Editorial: Oklahoma Elected Officials are attending memorials and issuing statements on the attack 22 years ago that changed the world as we had known it. When the first plane hit, I called a friend, and we went to Brookside by Day and watched there as the second plane hit. It was a hard day.
But, as traumatic as it was, do Americans truly understand that we are still under attack? America has always been a target of Communists, Fascists, and Democrats who often damn us in despicable rhetoric for what they themselves do. It is a common criminal tactic used frequently by authoritarians.
Saturday September 9 a group of communist revolutionaries burned multiple American flags outside a Jason Aldean concert in Chicago and this follows a September 7 California School Board Meeting appearance by the same Revolutionary Communist Party. One of their members shouted, for anyone “with humanity for LGBTQ people” to “get ready for a revolution to overthrow this whole system that gave birth to this White supremacy and this male supremacy.”
In short, the war is here, but legacy media still doesn’t have a clue even as they report the incidents.
The article published today by V1SUT Vantage is shocking. In 2023 Americans daily see a two-tier justice system in many Democrat Party controlled cities, but this story proves a multi-tier justice system in Bartlesville, Oklahoma. Apparently, courthouse officials hide “Alphabet Mafia Crime.”
Bartlesville, in Washington County, is a beautiful small city nestled in the rolling hills of Northeast Oklahoma. It enjoys an upper middle-class lifestyle made possible for decades by corporate giant ConocoPhillips. This unique progressive community heralds the Price Tower (a Frank Lloyd Wright 19-story landmark), OK Mozart, thriving artistic outlets and many Christian Congregations.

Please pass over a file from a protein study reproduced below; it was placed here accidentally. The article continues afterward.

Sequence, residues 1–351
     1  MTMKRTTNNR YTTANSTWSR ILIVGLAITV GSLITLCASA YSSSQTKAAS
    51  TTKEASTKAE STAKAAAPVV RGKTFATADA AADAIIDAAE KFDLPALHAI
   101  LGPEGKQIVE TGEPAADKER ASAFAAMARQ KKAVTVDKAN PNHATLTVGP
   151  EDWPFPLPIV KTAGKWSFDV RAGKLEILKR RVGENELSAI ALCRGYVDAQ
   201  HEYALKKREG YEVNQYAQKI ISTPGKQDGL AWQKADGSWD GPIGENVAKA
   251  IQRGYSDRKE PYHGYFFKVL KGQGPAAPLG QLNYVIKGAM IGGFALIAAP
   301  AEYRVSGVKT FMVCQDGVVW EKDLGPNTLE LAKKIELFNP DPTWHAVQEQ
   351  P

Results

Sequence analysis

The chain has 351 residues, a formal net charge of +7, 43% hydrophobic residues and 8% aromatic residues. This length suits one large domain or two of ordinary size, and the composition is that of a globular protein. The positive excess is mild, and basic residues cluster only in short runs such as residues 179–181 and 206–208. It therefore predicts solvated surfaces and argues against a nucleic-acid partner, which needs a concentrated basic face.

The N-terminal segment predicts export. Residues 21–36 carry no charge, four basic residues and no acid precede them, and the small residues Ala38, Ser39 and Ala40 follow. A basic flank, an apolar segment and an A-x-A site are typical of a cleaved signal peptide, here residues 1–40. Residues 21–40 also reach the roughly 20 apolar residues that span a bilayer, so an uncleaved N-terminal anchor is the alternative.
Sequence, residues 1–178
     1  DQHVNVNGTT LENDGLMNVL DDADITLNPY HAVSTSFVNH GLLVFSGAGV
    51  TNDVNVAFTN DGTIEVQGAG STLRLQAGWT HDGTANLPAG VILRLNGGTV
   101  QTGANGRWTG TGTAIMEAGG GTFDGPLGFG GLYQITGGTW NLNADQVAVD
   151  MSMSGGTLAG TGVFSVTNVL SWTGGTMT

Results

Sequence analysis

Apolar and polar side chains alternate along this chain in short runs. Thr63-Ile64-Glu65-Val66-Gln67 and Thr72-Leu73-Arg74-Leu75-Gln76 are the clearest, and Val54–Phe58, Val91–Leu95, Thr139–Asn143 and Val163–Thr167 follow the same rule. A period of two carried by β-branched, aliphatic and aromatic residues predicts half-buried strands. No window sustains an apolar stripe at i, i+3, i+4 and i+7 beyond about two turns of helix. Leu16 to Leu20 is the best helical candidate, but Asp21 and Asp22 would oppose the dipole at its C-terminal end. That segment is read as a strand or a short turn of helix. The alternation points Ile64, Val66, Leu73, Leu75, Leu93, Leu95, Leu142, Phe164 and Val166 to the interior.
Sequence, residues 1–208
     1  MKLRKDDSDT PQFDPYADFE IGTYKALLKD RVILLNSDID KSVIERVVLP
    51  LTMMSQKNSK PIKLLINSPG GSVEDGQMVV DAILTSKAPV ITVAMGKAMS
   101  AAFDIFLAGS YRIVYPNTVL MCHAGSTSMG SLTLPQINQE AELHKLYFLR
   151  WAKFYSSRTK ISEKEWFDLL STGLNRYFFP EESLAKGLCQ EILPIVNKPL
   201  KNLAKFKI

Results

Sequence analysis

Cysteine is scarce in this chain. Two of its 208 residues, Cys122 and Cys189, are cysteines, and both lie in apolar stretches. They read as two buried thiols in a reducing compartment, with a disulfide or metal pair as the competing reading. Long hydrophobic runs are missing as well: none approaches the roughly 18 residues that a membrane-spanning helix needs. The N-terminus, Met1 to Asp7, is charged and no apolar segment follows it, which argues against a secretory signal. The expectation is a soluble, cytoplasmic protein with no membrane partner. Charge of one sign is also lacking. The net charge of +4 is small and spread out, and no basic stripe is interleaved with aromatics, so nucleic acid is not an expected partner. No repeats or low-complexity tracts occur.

They also have an active, if not militant, LGBT community that has embedded key players into the power structure of the court system and elected public office. They have generated national publicity for using courts to silence opposition to public drag shows that allow attendance by minor children.
It is a stunning property, huge, historic, and owned by the family of Oklahoma’s current Attorney General, but why, after 100 years, would it go up for sale? Some speculate the McGirt Decision or the new feature movie, “Killers of the Flower Moon,” may have come into consideration. Others suggest it is economics or aging leadership or could it be politics? Over 8,000 acres are under fence, just a thirty-minute drive from Tulsa.
From ethics reports, Attorney General Gentner Drummond loaned his campaign millions. In Oklahoma, you can earn 10% on that money as it may be paid back from contributors, but that is a lot of money out-of-pocket by any standard. Is this property sale to pay campaign debt or finance a bid for governor?
AG Drummond was the beneficiary of dark money with tribal connections and outright donations from tribal leaders. Is it possible that from his personal perspective, the McGirt Decision may return ownership of land to native tribes? That happened in South Africa where land owned for generations by farmers was given to native people once the South African Courts got involved. Is all Northeast Oklahoma, to say nothing of Tulsa, at risk? Does the family see writing on the wall?
Analysis: A new peer-reviewed study published by Cureus (Part of Springer Nature Group) August 8 found a 74 percent reduction in excess deaths in 10 states in Peru with the most intensive ivermectin use over a 30-day period following peak deaths during the COVID-19 pandemic. This is contrary to past public health official assertions for treatment.
When ivermectin was available without restriction, there was a fourteenfold reduction in nationwide excess deaths. Once access to ivermectin was restricted by the government, a thirteenfold increase in excess deaths was observed in the two months following the limitation of its use. The findings align with summary data from the World Health Organization for the same time period in Peru.
The University of Oklahoma recently made national news—for the wrong reasons.
An investigation by The Wall Street Journal found that some of the United States’ best-known public universities “have been on an unfettered spending spree” with the bill “passed” on to students—and OU was identified as one of the worst offenders.
Between 2002 and 2022, the Journal found enrollment at OU increased 15 percent, but tuition increased by 36 percent even after adjusting for inflation. And, once student fees were included, the combined rate of growth was even more dramatic.
“At the University of Oklahoma, per-student tuition and fees rose 166%, the most of any flagship,” the Journal reported.